A dog leans on his owner as she sits on the floor with her tablet.

Most pet owners know that True Care Veterinary Hospital recommends spaying or neutering your pet. Do you, though, as your pet’s advocate, understand why? The practice is not a new one, and there are actually quite a few benefits for both you and your four-legged friend in doing so. Read on to understand all the reasons that our veterinarians recommend spaying or neutering your pet. 

The Act of Spaying or Neutering Your Pet

If you aren’t in the medical world, you may not understand what spaying or neutering your pet really means. A basic explanation seems like a great place to start. 

Spaying or neutering is the act of surgically removing a pet’s reproductive organs, which ultimately results in sterilization.

For males, both testicles are typically removed through a single external incision on the underside, usually between the base of the penis and the scrotal sac. When female pets are spayed, an incision is typically made into the abdomen. The uterus and ovaries are then both retrieved and excised. 

Most pets should be spayed or neutered unless they are actively enrolled in our breeding care services. Typically this surgery is done by around six months of age.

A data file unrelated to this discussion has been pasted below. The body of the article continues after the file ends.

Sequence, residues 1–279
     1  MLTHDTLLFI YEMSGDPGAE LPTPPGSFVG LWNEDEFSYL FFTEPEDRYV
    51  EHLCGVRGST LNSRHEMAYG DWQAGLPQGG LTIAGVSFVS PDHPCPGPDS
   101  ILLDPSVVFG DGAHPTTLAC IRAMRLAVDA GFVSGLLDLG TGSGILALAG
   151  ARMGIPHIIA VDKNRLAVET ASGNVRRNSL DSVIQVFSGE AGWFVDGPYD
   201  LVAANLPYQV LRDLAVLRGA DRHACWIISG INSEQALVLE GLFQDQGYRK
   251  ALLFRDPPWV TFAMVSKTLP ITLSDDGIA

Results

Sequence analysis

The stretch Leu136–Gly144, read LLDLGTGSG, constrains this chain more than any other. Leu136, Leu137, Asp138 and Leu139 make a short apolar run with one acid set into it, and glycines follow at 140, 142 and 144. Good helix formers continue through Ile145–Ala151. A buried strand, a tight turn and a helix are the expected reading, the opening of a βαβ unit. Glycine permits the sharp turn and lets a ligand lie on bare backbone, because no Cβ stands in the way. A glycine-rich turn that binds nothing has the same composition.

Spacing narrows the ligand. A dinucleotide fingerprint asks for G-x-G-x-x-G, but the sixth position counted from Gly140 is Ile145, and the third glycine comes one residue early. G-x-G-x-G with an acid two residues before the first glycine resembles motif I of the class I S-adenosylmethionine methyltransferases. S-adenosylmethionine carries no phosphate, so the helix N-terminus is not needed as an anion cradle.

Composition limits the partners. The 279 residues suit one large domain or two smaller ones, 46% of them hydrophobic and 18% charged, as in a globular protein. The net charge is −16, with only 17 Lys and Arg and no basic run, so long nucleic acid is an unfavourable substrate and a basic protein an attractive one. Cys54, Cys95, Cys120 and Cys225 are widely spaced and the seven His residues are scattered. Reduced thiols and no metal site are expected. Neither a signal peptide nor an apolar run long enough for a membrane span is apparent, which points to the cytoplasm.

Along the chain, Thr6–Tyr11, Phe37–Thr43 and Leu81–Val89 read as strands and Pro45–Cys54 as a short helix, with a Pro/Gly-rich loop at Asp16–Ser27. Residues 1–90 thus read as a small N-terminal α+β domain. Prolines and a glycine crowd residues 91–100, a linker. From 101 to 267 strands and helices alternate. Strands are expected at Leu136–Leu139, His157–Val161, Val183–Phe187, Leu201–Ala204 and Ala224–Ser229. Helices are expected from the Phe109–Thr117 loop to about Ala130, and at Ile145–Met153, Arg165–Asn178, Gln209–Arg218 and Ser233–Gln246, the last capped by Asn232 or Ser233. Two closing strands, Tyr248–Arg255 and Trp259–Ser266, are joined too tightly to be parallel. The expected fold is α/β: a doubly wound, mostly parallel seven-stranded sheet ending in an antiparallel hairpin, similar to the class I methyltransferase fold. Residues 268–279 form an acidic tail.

Let’s Hear it For the Boys

If you have a male dog or cat, there are certainly some compelling reasons for neutering. Some benefits of going forward with the big snip include:

  • Decreased incidence of undesirable male behaviors like mounting and marking
  • Decreased incidence of hormonally driven aggression
  • Reduced desire to roam or bolt, which can result in lost or injured pets
  • Lower risk of prostate issues such as benign prostatic hyperplasia
  • No worrying about hormonally-driven tumors such as perineal adenomas or testicular tumors
  • Less odor, especially from intact male cats
  • Doing your part to decrease pet overpopulation

All the Single Ladies

Female pets may gain even more compelling benefits than males from being sexually altered. Reasons to spay your pet include:

  • Dramatically decreased risk of development of mammary cancer later in life
  • Elimination of life-threatening pyometra (uterine infection)
  • No risk of uterine or ovarian tumors
  • Decreased behavioral changes during heat cycles and incidence of false pregnancy
  • No hormonally-induced aggression
  • No messy and/or uncomfortable heat cycles
  • No risk of an unwanted litter
  • Less inter-pet aggression

While there are certainly some reasons to avoid spaying or neutering your pet, in most cases this preventive care practice is in the best interest of both the animal and family that they live in. If you have questions or concerns about this procedure, don’t hesitate to contact us to discuss further. You and your pet are important to us, and we are here to help every step of the way.